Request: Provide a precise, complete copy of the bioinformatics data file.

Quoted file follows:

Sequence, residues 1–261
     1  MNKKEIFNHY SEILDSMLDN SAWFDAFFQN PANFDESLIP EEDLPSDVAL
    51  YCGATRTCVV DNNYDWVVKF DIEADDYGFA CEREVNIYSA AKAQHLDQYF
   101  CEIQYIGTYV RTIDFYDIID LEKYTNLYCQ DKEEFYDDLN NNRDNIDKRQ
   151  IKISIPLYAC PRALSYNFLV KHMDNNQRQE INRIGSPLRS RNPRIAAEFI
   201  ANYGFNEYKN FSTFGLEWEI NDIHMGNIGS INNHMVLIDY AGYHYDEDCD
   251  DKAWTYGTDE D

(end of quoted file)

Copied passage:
Sequence, residues 1–261
     1  MNKKEIFNHY SEILDSMLDN SAWFDAFFQN PANFDESLIP EEDLPSDVAL
    51  YCGATRTCVV DNNYDWVVKF DIEADDYGFA CEREVNIYSA AKAQHLDQYF
   101  CEIQYIGTYV RTIDFYDIID LEKYTNLYCQ DKEEFYDDLN NNRDNIDKRQ
   151  IKISIPLYAC PRALSYNFLV KHMDNNQRQE INRIGSPLRS RNPRIAAEFI
   201  ANYGFNEYKN FSTFGLEWEI NDIHMGNIGS INNHMVLIDY AGYHYDEDCD
   251  DKAWTYGTDE D